Facebook Inc. is moving to stop the spread of anti-vaccine information on its social-media sites by reducing the rankings of groups that spread misinformation, removing an option for advertisers to target people interested in “vaccine controversies” and rejecting ads that promote falsehoods about vaccines.
The company, which made the announcement Thursday, has come under increasing pressure in recent weeks to take action on the barrage of anti-vaccine information found on Facebook and Instagram as cases of vaccine-preventable illnesses rise worldwide. A measles outbreak in B.C. has infected 17 people so far this year. Health officials in Moncton say a whooping-cough outbreak at a high school has infected five people. The World Health Organization has declared vaccine hesitancy as a top global health threat this year.
Many experts say social-media sites are part of the problem, as they allow people to spread false information about vaccines to large audiences. Earlier this week, Ethan Lindenberger, an Ohio teenager who had himself vaccinated despite his mother’s opposition, testified at a U.S. Senate hearing that his mother relied on social-media sites, notably Facebook, as her source for anti-vaccine information.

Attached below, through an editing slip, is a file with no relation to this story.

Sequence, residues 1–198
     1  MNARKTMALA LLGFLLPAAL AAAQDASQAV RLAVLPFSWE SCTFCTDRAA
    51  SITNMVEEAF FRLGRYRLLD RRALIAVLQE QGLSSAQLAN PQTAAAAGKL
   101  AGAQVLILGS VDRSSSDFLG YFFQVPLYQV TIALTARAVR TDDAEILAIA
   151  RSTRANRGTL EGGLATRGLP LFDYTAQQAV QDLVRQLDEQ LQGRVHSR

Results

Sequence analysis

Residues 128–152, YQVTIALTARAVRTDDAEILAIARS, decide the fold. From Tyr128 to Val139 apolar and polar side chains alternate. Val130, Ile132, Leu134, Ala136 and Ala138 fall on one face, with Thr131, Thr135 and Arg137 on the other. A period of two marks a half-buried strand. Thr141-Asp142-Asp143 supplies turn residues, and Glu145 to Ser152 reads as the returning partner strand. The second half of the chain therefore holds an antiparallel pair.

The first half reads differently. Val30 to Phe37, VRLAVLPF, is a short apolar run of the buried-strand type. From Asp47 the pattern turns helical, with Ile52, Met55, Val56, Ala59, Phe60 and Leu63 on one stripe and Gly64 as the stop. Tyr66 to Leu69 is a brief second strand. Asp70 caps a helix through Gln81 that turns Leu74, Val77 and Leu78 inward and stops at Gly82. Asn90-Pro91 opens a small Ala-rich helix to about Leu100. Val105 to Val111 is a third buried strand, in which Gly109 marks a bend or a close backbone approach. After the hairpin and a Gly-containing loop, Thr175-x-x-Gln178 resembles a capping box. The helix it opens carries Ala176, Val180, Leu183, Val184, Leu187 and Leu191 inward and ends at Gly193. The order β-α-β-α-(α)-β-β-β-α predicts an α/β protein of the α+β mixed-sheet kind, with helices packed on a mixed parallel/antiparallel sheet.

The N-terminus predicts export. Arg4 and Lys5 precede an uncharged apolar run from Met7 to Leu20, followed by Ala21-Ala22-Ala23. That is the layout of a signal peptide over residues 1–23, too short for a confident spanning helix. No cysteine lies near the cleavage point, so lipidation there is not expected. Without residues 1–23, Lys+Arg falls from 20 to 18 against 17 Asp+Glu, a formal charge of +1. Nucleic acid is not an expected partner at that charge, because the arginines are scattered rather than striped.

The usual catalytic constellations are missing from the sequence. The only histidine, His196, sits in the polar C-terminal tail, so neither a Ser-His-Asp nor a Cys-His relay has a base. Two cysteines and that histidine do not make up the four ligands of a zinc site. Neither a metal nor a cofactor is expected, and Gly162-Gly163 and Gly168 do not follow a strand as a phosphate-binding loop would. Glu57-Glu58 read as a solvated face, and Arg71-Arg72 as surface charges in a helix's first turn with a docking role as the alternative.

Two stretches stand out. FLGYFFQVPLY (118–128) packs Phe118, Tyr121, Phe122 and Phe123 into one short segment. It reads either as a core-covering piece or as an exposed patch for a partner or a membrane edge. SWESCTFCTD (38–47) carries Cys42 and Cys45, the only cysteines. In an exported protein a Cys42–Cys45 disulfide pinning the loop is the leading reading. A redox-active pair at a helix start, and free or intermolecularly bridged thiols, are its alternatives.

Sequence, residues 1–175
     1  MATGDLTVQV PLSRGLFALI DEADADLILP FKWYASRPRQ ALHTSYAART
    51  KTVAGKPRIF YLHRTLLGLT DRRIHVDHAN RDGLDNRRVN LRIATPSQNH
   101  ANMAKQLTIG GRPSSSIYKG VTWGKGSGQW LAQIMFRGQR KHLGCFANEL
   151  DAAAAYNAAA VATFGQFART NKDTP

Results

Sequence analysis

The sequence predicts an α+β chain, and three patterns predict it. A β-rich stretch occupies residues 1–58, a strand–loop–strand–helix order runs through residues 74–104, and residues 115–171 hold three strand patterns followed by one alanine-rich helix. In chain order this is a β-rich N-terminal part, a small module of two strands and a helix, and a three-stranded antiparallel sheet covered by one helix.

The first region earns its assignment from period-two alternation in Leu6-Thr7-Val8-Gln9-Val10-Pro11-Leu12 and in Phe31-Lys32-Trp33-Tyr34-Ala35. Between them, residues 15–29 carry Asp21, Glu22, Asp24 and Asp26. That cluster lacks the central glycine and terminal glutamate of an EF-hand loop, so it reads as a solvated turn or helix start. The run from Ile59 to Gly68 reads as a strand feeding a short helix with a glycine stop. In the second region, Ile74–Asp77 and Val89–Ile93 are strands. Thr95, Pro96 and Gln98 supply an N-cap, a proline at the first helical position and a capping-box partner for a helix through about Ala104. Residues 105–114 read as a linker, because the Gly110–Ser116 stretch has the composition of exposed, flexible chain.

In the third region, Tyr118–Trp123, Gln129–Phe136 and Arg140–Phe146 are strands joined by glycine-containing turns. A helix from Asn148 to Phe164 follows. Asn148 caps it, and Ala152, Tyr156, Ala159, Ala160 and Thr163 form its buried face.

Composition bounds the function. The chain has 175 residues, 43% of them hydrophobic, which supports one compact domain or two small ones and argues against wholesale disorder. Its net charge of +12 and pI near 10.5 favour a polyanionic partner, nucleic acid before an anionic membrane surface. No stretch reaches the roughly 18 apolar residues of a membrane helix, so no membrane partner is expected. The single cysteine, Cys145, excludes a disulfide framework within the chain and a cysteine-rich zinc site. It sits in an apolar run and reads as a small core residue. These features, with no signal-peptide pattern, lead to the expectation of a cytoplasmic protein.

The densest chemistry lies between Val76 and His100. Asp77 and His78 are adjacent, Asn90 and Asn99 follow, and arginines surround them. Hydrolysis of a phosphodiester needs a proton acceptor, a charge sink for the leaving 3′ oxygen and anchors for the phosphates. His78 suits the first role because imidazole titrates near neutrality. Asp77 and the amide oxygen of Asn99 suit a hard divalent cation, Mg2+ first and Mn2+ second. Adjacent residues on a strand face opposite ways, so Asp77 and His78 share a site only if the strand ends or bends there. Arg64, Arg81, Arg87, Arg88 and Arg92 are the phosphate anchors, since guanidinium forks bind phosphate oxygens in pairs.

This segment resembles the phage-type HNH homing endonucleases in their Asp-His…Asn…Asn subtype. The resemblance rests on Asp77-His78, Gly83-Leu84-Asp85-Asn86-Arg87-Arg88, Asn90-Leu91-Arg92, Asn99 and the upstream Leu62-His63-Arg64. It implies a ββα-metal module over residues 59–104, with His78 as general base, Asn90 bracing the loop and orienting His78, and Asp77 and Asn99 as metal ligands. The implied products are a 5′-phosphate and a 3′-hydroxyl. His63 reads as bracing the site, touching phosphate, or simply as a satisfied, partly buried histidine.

Tim Caulfield, Canada Research Chair in health law and policy at the University of Alberta, wrote in an e-mail that exposure to anti-vaccine information can contribute to vaccine hesitancy, which is why this decision by Facebook is important.
“Social media, including Facebook, also helps to polarize the discourse. In many ways, social-media platforms are polarization machines. The loud voices win,” he wrote.
Facebook said it will make a series of changes: reduce the ranking of groups and pages that spread anti-vaccine information in the news feed and search functions; remove targeting options that let advertisers promote messages to people interested in “vaccine controversies;” and reject ads that include false information about vaccines. It said it might also disable accounts that continually violate the company’s policies.
Monika Bickert, Facebook’s vice-president of global policy management, wrote in a blog post Thursday that the company is “fully committed to the safety of our community and will continue to expand on this work.”
Facebook, which also owns Instagram, won’t display or recommend content that contains anti-vaccine information on Instagram’s explore function or hashtag pages. Instagram will remove ads that contain vaccine misinformation and will also remove targeting options for ads, such as “vaccine controversies."
The company said it is also looking at introducing other measures, such as ensuring factual information from credible organizations about vaccines appears at the top of search rankings and adding warning language to invitations to join anti-vaccine groups.
Facebook is stopping short of removing anti-vaccine groups and pages because it says it believes that isn’t helpful and that it makes more sense to ensure that people have access to fact-based information to counter anti-vaccine messages.